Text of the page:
One branch runs to Heathrow Central (for Terminals 2 and 3), Heathrow Terminal 4 and Heathrow Terminal 5, The main western section runs on the surface from Reading to Acton Main Line.Upgrades are being made to stations at Maidenhead, Taplow, Burnham, Slough, Langley, Iver, West Drayton, Hayes & Harlington, Southall, Hanwell, West Ealing, Ealing Broadway and Acton Main Line.The project that became Crossrail has origins in the 1943 County of London Plan and 1944 Greater London Plan by Patrick Abercrombie.These led to a specialist investigation by the Railway (London Plan) Committee, appointed in 1944 and reporting in 19.One of the two eastern sections runs underground from Whitechapel to Stratford, then on the surface on the existing main line.The service will replace the "Shenfield metro", with key stops at Ilford, Romford (for interchange with London Overground services to Upminster), Gidea Park (where some peak hour trains will start or terminate), and Shenfield.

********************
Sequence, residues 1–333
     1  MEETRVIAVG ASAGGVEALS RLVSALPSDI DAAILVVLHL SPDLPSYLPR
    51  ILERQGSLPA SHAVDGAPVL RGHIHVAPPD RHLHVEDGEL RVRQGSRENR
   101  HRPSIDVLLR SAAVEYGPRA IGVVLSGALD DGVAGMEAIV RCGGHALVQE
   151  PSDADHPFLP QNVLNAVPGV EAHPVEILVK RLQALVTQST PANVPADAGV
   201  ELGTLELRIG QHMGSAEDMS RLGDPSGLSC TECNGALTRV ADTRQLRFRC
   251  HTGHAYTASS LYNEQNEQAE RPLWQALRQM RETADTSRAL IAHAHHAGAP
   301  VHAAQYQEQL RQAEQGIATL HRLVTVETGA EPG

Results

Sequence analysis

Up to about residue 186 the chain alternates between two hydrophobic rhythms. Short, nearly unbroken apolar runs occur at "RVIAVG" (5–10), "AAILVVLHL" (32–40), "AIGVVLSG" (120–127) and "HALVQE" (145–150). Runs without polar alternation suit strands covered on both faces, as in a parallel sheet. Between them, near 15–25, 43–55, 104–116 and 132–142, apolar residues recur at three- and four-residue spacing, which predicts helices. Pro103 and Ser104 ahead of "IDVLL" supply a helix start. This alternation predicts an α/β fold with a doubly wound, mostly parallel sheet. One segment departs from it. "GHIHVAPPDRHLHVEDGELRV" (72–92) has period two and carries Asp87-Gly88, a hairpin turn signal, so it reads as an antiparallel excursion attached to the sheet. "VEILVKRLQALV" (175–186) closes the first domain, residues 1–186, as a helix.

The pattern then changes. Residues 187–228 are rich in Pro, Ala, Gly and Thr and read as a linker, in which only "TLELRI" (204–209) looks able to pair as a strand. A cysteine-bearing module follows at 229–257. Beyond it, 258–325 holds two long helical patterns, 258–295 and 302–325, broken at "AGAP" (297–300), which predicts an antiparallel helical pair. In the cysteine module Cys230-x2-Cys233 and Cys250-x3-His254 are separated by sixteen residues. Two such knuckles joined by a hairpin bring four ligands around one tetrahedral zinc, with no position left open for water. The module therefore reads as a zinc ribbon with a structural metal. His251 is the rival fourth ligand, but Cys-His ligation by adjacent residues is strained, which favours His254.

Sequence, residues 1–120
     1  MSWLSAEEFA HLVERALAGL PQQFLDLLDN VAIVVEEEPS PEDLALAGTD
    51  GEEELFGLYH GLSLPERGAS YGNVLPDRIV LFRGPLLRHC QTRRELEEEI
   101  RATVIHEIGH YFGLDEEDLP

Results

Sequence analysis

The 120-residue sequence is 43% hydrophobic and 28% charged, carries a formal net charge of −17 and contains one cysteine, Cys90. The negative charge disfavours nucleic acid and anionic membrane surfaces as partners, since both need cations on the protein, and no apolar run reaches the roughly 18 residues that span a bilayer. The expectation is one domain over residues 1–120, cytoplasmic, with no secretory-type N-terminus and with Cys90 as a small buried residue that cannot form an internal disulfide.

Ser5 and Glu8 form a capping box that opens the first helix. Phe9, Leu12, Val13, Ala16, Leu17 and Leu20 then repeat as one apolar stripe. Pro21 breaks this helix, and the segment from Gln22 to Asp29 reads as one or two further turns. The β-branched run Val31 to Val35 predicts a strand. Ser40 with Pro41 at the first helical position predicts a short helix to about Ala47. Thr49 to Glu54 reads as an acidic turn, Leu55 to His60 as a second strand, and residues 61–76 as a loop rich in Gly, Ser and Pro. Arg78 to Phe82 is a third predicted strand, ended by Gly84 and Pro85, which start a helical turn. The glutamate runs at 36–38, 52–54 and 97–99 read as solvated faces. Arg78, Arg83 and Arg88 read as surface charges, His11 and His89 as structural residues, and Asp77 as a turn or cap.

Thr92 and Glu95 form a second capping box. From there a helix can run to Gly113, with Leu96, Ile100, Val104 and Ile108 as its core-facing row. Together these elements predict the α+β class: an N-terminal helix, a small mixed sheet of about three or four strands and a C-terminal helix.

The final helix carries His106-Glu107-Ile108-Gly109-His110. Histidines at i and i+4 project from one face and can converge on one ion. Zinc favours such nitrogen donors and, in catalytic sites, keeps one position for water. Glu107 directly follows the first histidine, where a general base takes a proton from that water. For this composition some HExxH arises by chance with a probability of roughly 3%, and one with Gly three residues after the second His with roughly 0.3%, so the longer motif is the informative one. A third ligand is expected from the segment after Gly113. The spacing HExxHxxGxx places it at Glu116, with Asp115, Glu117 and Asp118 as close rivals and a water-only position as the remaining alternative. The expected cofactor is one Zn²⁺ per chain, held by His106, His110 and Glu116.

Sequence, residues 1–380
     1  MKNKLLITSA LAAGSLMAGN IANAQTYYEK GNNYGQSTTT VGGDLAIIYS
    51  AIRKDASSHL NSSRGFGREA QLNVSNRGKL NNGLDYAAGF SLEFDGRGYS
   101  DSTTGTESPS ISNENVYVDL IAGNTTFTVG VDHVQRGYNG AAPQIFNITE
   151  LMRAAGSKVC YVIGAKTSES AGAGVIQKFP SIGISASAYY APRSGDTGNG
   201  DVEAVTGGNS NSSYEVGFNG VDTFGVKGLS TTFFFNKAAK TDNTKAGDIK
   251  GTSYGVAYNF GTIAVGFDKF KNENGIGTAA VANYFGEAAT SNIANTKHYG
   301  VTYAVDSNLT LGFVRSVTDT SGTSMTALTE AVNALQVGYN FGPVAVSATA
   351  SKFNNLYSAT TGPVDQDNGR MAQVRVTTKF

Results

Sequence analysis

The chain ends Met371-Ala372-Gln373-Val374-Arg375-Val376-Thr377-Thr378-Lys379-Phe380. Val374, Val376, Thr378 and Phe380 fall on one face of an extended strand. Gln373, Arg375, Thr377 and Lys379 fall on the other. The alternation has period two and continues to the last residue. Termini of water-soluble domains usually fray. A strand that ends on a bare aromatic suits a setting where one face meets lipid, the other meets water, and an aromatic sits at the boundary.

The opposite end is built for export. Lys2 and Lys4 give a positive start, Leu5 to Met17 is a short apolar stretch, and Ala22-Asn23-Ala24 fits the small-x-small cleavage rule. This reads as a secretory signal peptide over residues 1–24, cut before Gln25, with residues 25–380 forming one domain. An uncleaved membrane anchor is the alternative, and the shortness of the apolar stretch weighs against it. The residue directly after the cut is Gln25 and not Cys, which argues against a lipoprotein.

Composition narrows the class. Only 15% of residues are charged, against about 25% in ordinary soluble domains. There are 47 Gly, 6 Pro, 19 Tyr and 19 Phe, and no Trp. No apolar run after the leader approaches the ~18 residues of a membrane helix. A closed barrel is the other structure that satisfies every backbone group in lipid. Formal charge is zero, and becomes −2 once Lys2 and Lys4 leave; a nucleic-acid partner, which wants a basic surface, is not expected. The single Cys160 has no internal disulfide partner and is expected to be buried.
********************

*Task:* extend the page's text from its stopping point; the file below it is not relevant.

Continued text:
The tunnelled sections will be approximately 22 kilometres (14 mi) in length.
In the east, the line splits at Whitechapel, with one branch running over the existing Great Eastern Main Line via Stratford to Shenfield, and the other branch running through Canary Wharf and emerging from the tunnel at Custom House on a disused part of the North London Line, continuing under the River Thames to Abbey Wood.
In the west the route connects with the Great Western Main Line at Paddington and runs to Hayes and Harlington, where it splits.
The central tunnels run from a portal just west of Paddington to Whitechapel, with further tunnelling to Stratford and to Canary Wharf.
There will be new stations at Paddington, Bond Street, Tottenham Court Road, Farringdon, Liverpool Street and Whitechapel, with interchanges with the London Underground and other National Rail services.
It was also suggested that the alignment of the tunnels should be safeguarded while a final decision was taken.